The public swimming pool regulations are divided into three articles. The first article deals with the definitions and scope of the regulations, as described above. The second article deals with swimming pool construction. And the third article deals with maintenance and operation, principally sanitation and hygiene. The only reference to lifeguard services is in section 65539, located in article 3. But section 65539 does not purport to tie lifeguard services to the expanded definition of “swimming pool” given by section 65501. Subdivision (a) of section 65539 simply states that “Lifeguard services shall be provided in accordance with Sections 24100.1 and 24101.4 of the Health and Safety Code.” Thus, the regulations do not expand the statutory definition of public swimming pool for purposes of lifeguard services.
We therefore conclude that the trial court correctly refused plaintiffs' negligence per se instruction regarding defendant's failure to provide lifeguard services.
Plaintiffs also contend that the trial court erroneously refused their request to give a negligence per se instruction pertaining to defendant's failure to have a person supervising spa pool users.6
Without analysis, plaintiffs rely on the following regulation: “Every pool shall be under the supervision of a person who is fully capable of, and shall assume responsibility for, compliance with all requirements relating to pool operation, maintenance and safety of bathers.” (§ 65521, subd. (a).) Plaintiffs' conclusion is erroneous.
Section 65521 is found within the article is entitled “Maintenance and Operation.” With the exception of section 65539, which addresses lifeguard services, the entire article pertains to supervision of pools in the context of facility sanitation and hygiene, not user safety. Indeed, plaintiffs' construction makes no sense: If a section 65521 supervisor is required to monitor user safety, the supervisor is essentially charged with lifeguard responsibilities without having to undergo lifeguard training.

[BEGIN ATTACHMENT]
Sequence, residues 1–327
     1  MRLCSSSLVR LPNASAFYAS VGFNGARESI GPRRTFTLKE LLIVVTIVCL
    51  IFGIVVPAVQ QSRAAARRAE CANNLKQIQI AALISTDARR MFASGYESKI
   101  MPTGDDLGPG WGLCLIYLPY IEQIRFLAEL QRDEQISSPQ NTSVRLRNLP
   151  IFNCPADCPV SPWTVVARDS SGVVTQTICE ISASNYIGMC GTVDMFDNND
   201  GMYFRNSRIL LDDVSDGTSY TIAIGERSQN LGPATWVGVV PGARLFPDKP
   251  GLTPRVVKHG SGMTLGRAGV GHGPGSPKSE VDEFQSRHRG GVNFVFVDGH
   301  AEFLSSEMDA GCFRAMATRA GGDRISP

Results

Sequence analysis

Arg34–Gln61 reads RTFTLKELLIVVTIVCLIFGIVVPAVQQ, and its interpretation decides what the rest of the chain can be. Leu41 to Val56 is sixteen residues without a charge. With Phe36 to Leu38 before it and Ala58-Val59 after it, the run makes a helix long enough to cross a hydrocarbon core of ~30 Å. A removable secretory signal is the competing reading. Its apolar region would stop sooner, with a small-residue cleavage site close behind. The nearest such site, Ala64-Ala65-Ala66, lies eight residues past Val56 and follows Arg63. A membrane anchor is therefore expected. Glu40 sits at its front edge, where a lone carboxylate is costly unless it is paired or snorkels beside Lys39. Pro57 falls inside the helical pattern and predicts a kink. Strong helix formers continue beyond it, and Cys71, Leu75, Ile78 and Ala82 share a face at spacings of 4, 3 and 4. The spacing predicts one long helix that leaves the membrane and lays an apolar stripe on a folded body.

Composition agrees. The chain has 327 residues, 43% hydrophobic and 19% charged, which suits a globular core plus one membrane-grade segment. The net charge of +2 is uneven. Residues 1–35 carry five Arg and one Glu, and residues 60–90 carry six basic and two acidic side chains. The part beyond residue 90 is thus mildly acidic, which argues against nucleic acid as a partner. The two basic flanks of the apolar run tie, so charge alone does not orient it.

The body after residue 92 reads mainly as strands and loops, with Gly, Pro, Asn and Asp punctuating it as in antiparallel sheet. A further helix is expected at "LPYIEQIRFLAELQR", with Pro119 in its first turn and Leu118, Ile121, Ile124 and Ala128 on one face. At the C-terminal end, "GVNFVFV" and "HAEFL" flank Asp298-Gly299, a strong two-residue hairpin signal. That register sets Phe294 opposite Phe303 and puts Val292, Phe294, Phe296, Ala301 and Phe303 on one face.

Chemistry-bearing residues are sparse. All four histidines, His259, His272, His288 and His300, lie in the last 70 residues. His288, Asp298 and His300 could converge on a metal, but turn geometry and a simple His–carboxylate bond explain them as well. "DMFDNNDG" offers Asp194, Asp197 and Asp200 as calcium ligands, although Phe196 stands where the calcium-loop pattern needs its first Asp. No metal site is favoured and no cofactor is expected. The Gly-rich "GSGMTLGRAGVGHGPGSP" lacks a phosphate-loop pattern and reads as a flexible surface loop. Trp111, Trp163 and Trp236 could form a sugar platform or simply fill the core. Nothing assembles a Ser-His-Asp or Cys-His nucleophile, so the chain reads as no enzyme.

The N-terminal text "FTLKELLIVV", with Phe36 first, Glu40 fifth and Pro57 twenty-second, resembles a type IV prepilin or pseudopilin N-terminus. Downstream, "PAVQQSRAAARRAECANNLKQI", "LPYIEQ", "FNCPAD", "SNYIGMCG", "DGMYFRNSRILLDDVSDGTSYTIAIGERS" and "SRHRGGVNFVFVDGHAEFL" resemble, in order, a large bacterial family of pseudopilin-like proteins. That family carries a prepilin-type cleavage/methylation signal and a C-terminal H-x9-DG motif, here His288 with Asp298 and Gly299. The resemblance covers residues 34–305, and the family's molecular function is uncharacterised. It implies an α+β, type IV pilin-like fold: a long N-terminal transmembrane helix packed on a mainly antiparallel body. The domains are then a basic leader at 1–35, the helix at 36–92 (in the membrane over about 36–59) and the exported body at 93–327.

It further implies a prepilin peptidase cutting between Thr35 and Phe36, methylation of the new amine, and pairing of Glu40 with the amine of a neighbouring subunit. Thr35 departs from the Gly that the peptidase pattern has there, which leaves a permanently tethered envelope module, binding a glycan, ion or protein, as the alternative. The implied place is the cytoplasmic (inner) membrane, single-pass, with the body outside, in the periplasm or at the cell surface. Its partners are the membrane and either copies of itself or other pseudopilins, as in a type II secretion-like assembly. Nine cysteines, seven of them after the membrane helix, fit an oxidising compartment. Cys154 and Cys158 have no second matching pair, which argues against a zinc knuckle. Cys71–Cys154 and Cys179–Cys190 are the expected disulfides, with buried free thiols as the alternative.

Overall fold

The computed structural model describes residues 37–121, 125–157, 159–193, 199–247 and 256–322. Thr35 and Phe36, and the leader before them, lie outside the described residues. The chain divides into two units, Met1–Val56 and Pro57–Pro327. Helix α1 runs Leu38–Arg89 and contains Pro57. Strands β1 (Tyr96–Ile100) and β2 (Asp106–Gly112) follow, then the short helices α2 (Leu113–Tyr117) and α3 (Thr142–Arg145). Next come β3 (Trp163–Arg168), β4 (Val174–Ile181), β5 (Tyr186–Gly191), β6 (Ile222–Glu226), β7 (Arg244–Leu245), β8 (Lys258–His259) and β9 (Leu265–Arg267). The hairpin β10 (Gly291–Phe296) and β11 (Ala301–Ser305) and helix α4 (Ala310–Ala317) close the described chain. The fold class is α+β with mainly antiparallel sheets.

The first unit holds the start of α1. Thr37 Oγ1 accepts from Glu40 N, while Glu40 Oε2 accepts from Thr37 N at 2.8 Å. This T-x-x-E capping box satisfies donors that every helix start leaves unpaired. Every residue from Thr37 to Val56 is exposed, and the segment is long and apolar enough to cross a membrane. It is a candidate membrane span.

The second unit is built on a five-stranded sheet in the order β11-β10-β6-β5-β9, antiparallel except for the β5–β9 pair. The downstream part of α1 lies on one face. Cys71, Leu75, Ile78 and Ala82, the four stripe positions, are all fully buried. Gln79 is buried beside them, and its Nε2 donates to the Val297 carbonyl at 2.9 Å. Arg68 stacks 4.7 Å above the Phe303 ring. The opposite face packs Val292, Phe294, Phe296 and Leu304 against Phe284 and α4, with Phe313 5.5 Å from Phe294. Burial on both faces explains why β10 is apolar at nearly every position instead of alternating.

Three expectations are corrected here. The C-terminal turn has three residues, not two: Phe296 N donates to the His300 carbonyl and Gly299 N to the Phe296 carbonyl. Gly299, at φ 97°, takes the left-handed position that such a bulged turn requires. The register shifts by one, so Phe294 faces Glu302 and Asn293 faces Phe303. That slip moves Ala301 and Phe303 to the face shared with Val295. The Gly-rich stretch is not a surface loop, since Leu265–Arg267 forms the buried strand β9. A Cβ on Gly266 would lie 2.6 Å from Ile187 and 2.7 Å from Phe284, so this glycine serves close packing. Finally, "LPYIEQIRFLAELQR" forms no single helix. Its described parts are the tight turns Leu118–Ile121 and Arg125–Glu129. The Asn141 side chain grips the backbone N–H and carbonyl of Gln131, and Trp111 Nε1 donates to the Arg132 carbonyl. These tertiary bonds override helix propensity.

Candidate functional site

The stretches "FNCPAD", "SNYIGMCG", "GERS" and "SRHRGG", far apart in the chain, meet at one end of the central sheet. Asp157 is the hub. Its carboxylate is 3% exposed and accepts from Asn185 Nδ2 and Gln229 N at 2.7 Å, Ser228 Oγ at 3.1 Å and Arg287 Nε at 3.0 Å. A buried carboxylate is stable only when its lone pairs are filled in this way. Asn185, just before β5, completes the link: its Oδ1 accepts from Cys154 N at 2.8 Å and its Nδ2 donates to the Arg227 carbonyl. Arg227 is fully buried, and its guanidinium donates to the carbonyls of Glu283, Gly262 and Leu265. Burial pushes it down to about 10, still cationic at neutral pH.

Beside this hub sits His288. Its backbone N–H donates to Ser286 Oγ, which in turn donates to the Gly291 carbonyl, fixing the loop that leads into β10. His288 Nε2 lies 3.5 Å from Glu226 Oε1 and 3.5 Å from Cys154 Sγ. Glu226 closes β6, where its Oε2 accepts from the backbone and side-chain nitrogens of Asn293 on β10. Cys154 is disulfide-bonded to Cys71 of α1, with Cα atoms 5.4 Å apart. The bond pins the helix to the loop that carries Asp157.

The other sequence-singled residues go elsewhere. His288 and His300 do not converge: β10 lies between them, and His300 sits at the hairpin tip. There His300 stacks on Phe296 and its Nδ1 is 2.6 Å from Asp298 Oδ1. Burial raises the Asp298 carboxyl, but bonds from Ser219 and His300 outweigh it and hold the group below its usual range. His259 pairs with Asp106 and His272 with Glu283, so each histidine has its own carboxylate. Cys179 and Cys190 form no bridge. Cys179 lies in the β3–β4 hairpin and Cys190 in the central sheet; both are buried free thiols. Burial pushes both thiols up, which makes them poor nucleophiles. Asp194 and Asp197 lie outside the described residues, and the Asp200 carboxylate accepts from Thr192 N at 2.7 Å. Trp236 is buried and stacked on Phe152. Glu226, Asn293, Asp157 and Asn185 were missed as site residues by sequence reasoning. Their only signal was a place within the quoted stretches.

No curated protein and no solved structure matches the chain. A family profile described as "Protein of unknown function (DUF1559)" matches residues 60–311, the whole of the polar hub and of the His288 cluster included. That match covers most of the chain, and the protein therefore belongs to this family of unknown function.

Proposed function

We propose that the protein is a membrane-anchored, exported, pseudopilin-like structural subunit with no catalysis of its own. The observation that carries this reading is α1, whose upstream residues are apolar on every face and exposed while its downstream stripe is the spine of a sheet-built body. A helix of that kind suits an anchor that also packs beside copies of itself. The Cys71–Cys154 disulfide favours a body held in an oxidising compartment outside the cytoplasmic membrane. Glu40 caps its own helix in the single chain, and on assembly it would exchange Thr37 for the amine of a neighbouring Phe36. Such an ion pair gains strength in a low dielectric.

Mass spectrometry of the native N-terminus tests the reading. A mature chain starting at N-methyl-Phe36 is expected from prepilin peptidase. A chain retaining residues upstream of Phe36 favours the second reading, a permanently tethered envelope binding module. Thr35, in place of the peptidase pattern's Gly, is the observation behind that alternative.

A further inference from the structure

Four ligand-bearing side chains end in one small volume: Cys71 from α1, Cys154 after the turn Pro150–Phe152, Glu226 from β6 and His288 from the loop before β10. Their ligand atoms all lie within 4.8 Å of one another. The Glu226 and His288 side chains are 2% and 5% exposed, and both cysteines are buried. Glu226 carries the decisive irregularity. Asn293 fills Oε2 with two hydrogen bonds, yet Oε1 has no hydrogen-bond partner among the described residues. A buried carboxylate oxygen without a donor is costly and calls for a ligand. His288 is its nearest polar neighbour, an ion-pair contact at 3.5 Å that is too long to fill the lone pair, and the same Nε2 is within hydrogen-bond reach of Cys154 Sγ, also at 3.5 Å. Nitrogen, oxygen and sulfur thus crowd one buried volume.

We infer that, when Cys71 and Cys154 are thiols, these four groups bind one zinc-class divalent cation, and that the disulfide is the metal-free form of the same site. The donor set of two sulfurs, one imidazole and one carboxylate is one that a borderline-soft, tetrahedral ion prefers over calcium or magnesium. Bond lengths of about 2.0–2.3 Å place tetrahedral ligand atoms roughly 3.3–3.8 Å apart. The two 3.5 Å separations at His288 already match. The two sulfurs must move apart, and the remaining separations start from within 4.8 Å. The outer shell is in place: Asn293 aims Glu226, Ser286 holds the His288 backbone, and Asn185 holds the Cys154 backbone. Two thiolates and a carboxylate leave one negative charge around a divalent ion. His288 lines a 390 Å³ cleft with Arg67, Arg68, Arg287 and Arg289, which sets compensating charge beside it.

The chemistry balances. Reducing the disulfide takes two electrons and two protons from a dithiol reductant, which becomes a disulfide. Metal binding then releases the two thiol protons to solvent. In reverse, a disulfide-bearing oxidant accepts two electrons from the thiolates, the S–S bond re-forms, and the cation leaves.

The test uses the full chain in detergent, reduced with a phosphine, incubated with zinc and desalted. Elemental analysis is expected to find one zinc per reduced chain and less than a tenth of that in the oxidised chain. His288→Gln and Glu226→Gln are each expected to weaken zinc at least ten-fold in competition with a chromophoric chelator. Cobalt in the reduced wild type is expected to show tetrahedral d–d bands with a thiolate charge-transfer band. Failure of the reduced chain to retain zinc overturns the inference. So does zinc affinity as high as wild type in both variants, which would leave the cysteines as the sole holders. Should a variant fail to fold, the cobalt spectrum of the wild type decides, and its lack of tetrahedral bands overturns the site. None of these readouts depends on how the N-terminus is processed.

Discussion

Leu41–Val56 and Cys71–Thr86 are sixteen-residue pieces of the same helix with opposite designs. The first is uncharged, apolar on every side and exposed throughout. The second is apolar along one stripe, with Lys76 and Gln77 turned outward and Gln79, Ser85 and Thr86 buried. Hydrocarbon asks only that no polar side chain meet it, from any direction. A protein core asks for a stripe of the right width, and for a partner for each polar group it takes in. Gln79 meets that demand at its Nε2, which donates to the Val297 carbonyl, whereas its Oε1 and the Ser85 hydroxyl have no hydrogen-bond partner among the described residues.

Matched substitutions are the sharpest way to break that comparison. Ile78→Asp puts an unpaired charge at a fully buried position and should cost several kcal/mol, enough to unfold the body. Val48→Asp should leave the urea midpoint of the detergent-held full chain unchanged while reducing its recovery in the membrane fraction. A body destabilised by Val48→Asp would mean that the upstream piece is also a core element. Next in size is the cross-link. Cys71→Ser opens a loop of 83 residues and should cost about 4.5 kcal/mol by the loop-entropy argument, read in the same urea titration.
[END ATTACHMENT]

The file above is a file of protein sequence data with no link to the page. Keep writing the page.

Negligence per se only applies if the person suffering the death or injury was one of the class of persons for whose protection the statute, ordinance, or regulation was adopted. (Evid.Code, § 669, subd. (a)(4).) Stephan, as a victim of drowning rather than unhealthful facilities, was not in the class of persons for whose protection section 65521 was adopted. The trial court therefore properly refused plaintiffs' negligence per se instruction predicated on section 65521.
Plaintiffs also advance three claims of evidentiary error.
One, that the trial court erred by denying their motion to strike testimony that a “No Lifeguard On Duty” warning sign was not required in the locker room. Given our holding that Health and Safety Code section 116045 does not apply to this case, it follows that the ruling was correct.
Two, that the trial court erred by sustaining defendant's objection to evidence intended to show that the Santa Clara County Health Department interpreted the California Code of Regulations to require a lifeguard or a “No Lifeguard On Duty” sign in defendant's locker room. Again, it follows from our holding that the trial court's ruling was correct.
And three, that the trial court erred by excluding from evidence a county inspection report (made 2 years after Stephan's death) citing defendant for failing to display a “No Lifeguard On Duty” sign in the locker room. This evidence is patently irrelevant. (Evid.Code, § 210 [evidence must have some tendency in reason to prove or disprove a disputed fact that is of consequence to the determination of the action].) It is undisputed that defendant did not have a warning sign at the time in question. And it is of no consequence that defendant was cited since it follows from our holding that the citation was in error.
The judgment is affirmed.